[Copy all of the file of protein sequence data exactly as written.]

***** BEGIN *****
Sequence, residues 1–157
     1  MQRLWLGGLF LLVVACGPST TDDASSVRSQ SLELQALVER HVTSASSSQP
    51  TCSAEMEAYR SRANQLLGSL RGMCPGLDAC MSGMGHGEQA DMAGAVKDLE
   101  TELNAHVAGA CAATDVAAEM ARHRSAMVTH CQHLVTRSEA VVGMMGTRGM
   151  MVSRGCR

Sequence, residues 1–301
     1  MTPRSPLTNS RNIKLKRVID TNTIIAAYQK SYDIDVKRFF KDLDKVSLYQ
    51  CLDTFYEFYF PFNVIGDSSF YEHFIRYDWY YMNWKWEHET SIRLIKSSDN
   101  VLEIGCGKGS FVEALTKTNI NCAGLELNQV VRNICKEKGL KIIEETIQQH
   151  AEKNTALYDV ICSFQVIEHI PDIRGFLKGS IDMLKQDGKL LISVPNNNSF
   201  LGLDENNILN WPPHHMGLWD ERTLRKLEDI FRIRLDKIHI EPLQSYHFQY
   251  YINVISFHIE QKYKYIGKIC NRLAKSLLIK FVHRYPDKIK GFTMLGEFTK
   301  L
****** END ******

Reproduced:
Sequence, residues 1–157
     1  MQRLWLGGLF LLVVACGPST TDDASSVRSQ SLELQALVER HVTSASSSQP
    51  TCSAEMEAYR SRANQLLGSL RGMCPGLDAC MSGMGHGEQA DMAGAVKDLE
   101  TELNAHVAGA CAATDVAAEM ARHRSAMVTH CQHLVTRSEA VVGMMGTRGM
   151  MVSRGCR

Sequence, residues 1–301
     1  MTPRSPLTNS RNIKLKRVID TNTIIAAYQK SYDIDVKRFF KDLDKVSLYQ
    51  CLDTFYEFYF PFNVIGDSSF YEHFIRYDWY YMNWKWEHET SIRLIKSSDN
   101  VLEIGCGKGS FVEALTKTNI NCAGLELNQV VRNICKEKGL KIIEETIQQH
   151  AEKNTALYDV ICSFQVIEHI PDIRGFLKGS IDMLKQDGKL LISVPNNNSF
   201  LGLDENNILN WPPHHMGLWD ERTLRKLEDI FRIRLDKIHI EPLQSYHFQY
   251  YINVISFHIE QKYKYIGKIC NRLAKSLLIK FVHRYPDKIK GFTMLGEFTK
   301  L